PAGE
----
“SEC’s mission is to protect investors and support responsible capital formation,” said Raymond Slezak, Assistant Regional Director at the Securities and Exchange Commission (SEC). He was the second of three presenters at the GARP-sponsored webinar held February 17, 2015, on Alternative Mutual Funds: Risk Governance Under SEC Security.
Liquid alternative mutual funds were “listed as a priority” as early as 2013, he said, because “any time there’s rapid growth” or “concern about the dynamics of money managers moving into an area,” it attracts SEC interest.
As a metaphor about the regulatory thought about the new funds, Slezak repeated a quotation from Andrew Bowden, director of the Securities and Exchange Commission’s Office of Compliance Inspections and Examinations at a conference in May 2014: “Alternative funds are the bright, shiny object. But they’re a sharp object.”
Slezak was frank about compliance risks and challenges of managing a liquid alternative mutual fund. Now that alternative funds have access to new pools of capital, they must comply with rules on liquidity, leverage, and fund governance. For example, the portfolio must be regularly stress tested for adverse economic times. “Liquidity becomes critical at these times. Look at SIVs—they were liquid right up until the financial crisis hit. Then they weren’t,” Slezak reminded the listeners.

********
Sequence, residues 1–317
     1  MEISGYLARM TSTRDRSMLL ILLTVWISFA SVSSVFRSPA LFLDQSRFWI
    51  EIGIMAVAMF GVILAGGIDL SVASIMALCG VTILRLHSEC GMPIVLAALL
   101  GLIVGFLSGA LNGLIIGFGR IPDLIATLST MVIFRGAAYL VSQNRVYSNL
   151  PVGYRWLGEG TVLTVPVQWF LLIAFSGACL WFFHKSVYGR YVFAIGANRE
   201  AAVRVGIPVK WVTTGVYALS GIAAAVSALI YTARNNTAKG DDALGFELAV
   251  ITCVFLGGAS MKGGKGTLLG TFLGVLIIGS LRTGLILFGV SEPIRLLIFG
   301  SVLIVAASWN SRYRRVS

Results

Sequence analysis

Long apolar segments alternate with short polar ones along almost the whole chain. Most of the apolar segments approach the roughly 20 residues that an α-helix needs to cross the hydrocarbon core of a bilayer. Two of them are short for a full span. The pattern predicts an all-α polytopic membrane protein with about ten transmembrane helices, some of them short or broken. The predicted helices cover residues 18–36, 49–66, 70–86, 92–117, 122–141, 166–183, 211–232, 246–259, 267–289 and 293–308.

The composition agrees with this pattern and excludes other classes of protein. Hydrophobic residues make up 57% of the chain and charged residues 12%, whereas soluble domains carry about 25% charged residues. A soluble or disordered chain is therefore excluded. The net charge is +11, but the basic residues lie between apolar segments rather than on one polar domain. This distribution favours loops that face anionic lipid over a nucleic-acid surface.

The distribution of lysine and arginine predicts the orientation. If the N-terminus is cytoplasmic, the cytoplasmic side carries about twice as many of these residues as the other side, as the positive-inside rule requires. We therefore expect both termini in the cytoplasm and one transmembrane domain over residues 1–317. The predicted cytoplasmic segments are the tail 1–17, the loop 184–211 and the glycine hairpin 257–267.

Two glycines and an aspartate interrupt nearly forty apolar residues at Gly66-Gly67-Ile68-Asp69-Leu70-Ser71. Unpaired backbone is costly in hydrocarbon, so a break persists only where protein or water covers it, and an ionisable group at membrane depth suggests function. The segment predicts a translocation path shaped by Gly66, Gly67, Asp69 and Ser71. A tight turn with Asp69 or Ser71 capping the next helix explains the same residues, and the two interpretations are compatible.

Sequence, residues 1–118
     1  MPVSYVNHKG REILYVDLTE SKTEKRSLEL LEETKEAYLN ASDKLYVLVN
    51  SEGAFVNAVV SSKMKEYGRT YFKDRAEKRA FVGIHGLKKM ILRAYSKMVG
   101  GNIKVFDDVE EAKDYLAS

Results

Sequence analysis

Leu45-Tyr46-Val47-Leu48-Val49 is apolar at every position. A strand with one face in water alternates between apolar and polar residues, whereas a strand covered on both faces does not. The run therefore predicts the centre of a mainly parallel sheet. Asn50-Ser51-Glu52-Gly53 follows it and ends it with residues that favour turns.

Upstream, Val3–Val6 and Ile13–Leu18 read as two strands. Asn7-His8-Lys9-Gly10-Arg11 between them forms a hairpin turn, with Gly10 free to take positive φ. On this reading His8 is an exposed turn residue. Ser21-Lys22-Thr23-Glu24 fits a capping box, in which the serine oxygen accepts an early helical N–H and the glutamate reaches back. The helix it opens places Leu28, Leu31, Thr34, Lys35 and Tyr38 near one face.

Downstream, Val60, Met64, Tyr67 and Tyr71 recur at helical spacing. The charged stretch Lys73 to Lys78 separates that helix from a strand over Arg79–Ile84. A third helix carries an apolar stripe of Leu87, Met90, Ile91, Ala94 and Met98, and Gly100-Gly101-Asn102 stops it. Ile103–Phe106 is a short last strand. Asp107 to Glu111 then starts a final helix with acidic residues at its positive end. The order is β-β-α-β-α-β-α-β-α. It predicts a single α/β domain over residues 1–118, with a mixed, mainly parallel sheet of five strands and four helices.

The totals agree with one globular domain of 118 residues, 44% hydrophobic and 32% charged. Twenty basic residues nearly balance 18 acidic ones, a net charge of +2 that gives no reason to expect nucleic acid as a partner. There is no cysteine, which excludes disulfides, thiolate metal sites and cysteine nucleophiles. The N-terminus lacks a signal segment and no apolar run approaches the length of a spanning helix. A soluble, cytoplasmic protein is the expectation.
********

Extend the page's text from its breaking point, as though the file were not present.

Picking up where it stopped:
There are higher standards in Board reporting and monitoring. Basically, “if [it falls into] a Morningstar category, make sure the fund is not at great variance” with others in the category, he suggested.
The Board must make sure there is adequate personnel to monitor the fund. The Chief Compliance Officer (CCO) “is the eyes and the ears of the Board” so he or she should be knowledgeable and ask good questions. “It’s up to the Board to determine whether to replace the CCO or provide extra training,” Slezak said.
He cautioned about conflicts in which the investment advisor might favour the hedge fund. “A hedge fund being managed alongside the liquid alternative fund is a conflict of interest situation.”
When asked what to expect on future exams of liquid alternative mutual funds, Slezak said, “liquid alternatives continue to be an area we will review.” ª